MIAMI—Greg West, president and Chief Development Officer of ZOM, is currently developing close to 2,000 rental apartment units in Miami’s urban core. He was also recently appointed to serve a two-year term as the chair of the Urban Land Institute’s Southeast Florida and Caribbean chapter.
At the helm of an organization that serves as a leading advocate for responsible land use, West discussed exclusively with GlobeSt.com the efforts underway to increase the region’s resiliency following natural disasters, what are some of the mobility challenges South Florida faces as population grows rapidly, and the state of the region’s multi-family real estate market.
GlobeSt.com: Resiliency is a topic gaining attention particularly following this year’s active hurricane season, with major storms impacting portions of the US and the Caribbean, and rising sea levels. What efforts are the public and private sectors engaging in to help make the region more resilient?
West: Resiliency is not new to South Florida. This is something we became aware of as a community in an acute way following Hurricane Andrew’s passage. That triggered massive changes in our building codes and how we look at new development.
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Most recently, Hurricane Irma has been the most substantial example of how those changes to the building code have proven effective. Communities across South Florida are also taking steps to make a substantial financial investment to address drainage issues to combat both storm surge and sea level rise.
Take the City of Miami Beach, a coastal community severely impacted by climate change, has been revamping its Storm Water Management Plan to incorporate the impacts of sea level rise and investing $500 million to install dozens of pumps and raise roads and seawalls across the city. Another example is the recent yes vote Miamians casted giving green light to a $400 million general obligation bond issuance to finance several infrastructure improvements, with half slated to combat rising sea level with storm drain upgrades, flood pumps and sea walls. This funding mechanism will pay for much-needed infrastructure and drainage improvements across Miami-Dade.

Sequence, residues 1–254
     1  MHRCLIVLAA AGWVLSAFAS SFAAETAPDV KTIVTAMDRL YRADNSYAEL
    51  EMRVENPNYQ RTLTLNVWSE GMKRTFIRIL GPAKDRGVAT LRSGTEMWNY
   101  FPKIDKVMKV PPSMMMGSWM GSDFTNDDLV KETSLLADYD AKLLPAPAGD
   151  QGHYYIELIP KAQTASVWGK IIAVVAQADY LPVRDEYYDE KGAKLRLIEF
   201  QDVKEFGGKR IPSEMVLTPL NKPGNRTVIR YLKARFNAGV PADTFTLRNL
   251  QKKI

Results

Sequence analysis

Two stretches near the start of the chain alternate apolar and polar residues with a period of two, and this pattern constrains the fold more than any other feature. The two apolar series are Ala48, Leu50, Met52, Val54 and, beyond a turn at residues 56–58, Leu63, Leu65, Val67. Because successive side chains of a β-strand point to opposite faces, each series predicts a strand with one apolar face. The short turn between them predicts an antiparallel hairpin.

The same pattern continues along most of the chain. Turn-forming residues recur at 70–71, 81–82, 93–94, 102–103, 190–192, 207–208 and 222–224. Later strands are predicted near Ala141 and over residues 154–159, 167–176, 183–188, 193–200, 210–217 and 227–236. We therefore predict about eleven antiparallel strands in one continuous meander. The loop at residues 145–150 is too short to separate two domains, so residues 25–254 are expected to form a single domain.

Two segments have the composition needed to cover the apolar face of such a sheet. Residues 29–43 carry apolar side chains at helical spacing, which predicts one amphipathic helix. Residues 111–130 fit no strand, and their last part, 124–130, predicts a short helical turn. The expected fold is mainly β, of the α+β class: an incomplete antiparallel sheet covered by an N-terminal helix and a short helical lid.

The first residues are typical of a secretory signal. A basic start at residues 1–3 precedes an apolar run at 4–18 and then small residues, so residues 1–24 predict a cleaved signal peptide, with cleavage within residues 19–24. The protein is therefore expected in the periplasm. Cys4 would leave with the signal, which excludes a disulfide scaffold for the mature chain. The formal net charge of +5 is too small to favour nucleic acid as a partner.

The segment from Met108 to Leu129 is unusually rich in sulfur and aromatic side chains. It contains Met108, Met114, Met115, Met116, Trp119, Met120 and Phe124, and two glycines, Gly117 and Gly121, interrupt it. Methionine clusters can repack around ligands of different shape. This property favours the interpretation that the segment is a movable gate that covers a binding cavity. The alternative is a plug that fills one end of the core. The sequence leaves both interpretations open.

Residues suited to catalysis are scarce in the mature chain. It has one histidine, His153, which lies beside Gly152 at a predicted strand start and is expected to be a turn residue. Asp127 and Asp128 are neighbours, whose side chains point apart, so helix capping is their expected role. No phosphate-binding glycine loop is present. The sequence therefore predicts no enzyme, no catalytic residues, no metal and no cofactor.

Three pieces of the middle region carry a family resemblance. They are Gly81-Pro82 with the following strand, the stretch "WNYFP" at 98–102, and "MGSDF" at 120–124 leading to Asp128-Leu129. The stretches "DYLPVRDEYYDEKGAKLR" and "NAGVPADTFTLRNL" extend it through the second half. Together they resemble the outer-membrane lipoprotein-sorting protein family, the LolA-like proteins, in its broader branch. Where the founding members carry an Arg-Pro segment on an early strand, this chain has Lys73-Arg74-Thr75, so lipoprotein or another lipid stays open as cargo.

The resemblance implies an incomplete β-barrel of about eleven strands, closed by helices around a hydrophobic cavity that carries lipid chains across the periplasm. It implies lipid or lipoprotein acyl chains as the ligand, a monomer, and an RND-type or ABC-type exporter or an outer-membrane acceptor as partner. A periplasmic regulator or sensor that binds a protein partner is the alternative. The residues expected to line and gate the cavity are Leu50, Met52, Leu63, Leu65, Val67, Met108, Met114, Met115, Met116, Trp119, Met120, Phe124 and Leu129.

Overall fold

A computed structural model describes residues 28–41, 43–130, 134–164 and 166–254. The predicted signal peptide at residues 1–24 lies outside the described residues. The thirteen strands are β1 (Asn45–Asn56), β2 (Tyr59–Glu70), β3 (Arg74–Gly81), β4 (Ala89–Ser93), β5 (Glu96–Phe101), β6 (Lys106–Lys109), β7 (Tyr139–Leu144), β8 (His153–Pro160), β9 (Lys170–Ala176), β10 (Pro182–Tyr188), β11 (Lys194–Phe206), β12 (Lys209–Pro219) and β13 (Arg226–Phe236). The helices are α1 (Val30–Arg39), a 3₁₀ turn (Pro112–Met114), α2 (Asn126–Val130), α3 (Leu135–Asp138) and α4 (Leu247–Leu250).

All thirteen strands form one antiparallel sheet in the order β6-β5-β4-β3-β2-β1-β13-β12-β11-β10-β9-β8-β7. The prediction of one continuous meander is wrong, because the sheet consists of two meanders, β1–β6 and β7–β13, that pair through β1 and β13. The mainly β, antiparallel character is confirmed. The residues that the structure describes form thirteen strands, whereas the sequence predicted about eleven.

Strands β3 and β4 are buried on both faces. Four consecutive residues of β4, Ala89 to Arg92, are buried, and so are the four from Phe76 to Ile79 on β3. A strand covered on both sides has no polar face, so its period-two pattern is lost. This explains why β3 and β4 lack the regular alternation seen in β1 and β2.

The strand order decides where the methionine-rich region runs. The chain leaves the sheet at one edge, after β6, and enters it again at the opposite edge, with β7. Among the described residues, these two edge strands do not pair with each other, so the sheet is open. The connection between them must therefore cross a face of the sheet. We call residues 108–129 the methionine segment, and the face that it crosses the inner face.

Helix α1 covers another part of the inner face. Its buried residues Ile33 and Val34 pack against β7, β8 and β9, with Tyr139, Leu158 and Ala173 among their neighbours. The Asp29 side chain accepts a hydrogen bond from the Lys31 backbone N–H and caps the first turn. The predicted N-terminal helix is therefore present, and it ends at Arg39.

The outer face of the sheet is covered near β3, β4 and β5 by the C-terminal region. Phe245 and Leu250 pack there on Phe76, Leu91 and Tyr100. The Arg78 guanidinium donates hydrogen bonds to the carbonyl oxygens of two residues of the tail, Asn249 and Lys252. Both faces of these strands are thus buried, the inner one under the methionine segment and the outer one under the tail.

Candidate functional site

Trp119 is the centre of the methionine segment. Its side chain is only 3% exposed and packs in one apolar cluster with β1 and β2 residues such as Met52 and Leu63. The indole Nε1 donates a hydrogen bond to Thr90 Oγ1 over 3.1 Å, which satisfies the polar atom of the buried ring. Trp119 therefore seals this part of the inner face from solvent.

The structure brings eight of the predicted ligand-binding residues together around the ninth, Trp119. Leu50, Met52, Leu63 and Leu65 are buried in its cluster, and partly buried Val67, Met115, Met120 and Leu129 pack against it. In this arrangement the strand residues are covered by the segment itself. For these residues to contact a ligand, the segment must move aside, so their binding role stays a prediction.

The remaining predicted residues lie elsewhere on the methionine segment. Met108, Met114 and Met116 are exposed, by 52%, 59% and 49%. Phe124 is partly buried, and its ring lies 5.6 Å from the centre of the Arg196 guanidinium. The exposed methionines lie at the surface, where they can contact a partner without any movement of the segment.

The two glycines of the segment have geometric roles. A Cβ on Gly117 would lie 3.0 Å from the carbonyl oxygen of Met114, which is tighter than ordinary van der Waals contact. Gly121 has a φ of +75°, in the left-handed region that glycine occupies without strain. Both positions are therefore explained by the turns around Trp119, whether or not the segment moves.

GlobeSt.com: As a major multifamily developer in South Florida, how is this latest wave of multifamily development activity different from previous real estate cycles, and why?
West: The drivers behind the multifamily rental development market this cycle is so much more diverse than they have ever been before. We have traditional demand from job growth, but we also have non-traditional demand from other sources, including a desire for urban living as a trend growing locally and nationally. More people see buying a home as a big risk following the financial crisis and housing market burst, which coupled with high home prices and dwindling inventory in South Florida, makes apartment living much more appealing than years before.
In Downtown Miami alone, ZOM is building close to 2,000 apartment units across the Brickell and downtown Miami neighborhoods, including the already opened Monarc at Met 3, a 462-unit building with a Whole Foods in the street level and Solitair in Brickell set to open its 435 apartments this December. Early next year, the firm is also going to start a residential project in downtown Fort Lauderdale called Las Olas Walk comprised of 456 units.
Another factor fueling apartment living is that the world has become an increasingly smaller place. Younger professionals are becoming more mobile in their careers and also in their lifestyles.
The ability to rent housing offers the freedom to live in short notice where you want with a variety of valuable amenities at their fingertips. Because of this shift, the modern standard of luxury rental project in an urban setting is designed much more differently than passed generations, with attractive lifestyle amenities offered within.
Published in GlobeSt.com
Written By: JENNIFER LECLAIRE